As OIT prepares for the new broadband data collection process, we delivered the last data set to the NTIA for the State Broadband Initiative. Overall we received very good participation in this effort. Out of the 121 broadband providers that we are aware of, 109 supplied us with data (90%). The lists of the providers that we are aware of and the ones that provided us data are included at the end of this article.
OIT is now processing the data to make it available in our web map of broadband service, and we are starting to analyze the results of the data. According to this most recent data set, broadband availability statewide has increased by 0.09% and in rural areas by 0.29%. This availability threshold is set at 3 Mbps download speed because that is the closest boundary of the NTIA-prescribed tiers to the definition of broadband that the FCC has been using until very recently (4 Mbps). Figure 1 shows the new areas that have broadband service available to them. These areas appear to be primarily in the south central part of the state.
We recognize that this definition of broadband is not as relevant now. Remember that the new broadband data collection process will not be requesting data according to the NTIA tiers, so we will be able define and map broadband service according a speed that is most appropriate for Colorado’s needs.
Perhaps more informative, given the nature of the data that we receive, is the percentage of households in the state that may receive increased speed in October relative to previous data deliveries. This delivery, we saw 7.75% of the households across the state have higher broadband speeds available, and 8.22% of rural households have higher speeds available relative to April of this year. The reason why this metric is useful is because, while there may be issues related to over-reporting or other aspects that impact the overall accuracy of the map, this become less critical when comparing data from one time period to data from an earlier period. That is, the assumptions and other issues that may impact the representation of service are generally consistent from one delivery to another, so comparing two time slices shows how service has changed based on those assumptions. Figure 2 shows the areas that have experienced increases in the maximum speed available from April to October. It is important to note that these increases are more widespread in the state.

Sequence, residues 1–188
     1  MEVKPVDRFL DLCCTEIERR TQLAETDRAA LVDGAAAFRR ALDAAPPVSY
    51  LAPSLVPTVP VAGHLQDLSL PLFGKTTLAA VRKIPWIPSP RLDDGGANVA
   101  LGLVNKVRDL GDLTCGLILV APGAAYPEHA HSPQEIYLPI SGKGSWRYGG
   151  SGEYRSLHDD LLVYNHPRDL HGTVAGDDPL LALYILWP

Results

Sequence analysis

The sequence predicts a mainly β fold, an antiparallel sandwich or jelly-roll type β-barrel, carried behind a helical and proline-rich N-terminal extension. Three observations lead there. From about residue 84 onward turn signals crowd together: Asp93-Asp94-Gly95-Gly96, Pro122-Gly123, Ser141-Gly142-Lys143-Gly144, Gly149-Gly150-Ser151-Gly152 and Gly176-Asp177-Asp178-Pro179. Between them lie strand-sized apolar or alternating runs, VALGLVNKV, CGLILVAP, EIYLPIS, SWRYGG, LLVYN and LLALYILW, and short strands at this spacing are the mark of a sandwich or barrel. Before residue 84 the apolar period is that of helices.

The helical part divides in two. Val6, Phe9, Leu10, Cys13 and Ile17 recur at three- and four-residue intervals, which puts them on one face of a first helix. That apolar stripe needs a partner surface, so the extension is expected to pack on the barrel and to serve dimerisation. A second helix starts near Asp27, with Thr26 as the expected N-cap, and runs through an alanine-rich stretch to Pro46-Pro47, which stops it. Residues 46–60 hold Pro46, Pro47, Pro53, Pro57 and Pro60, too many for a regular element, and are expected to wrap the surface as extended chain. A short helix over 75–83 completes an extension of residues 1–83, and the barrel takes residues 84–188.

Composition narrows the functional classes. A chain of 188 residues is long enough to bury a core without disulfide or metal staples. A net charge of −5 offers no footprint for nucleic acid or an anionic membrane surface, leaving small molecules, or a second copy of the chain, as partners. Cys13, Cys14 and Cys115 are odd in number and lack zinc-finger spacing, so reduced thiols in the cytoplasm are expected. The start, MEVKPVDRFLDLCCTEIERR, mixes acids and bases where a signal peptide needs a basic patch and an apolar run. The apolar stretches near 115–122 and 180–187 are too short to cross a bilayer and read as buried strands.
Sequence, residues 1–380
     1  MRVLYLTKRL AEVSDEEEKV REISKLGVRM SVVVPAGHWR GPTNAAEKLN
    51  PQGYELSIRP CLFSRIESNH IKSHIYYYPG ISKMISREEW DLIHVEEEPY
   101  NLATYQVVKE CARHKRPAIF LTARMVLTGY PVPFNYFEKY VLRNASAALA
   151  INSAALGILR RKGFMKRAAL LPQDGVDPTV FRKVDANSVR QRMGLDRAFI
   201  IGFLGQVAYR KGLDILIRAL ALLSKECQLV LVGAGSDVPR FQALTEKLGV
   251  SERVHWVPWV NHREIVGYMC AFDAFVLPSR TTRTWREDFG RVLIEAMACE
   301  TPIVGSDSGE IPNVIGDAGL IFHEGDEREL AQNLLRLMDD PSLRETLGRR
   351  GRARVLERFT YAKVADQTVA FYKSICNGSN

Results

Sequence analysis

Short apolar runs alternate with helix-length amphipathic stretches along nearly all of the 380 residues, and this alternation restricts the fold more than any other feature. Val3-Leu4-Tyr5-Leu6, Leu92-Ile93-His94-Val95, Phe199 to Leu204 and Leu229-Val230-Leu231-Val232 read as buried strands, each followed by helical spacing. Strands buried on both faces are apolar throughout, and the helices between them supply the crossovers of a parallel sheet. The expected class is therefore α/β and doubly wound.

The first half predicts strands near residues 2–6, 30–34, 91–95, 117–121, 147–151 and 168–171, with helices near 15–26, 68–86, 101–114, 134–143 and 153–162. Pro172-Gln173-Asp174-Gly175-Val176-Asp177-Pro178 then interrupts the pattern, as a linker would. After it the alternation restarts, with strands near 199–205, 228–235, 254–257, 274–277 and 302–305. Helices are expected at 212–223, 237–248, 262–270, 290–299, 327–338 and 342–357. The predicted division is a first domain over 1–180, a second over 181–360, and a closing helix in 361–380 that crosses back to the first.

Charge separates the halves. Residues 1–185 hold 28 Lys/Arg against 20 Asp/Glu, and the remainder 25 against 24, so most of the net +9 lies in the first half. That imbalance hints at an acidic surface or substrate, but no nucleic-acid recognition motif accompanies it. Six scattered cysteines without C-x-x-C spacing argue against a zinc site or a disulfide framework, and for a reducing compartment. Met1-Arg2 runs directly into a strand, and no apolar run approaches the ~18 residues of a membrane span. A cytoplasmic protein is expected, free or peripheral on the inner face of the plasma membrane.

These differences in speed are based on speed tiers. That is, areas are shown as having increased speed available if the maximum available speed in those areas jumped one or more tiers. In areas where the maximum available speed is one of the higher tiers, the speed increase would have to be much larger than lower tier areas to register in this calculation of speed increase, because the higher tiers cover a broad range of speeds. As we move forward with the new data collection process, which won’t be limited to the NTIA-defined tiers, we will be able to identify areas that have significant increases in available speeds using more consistent difference ranges.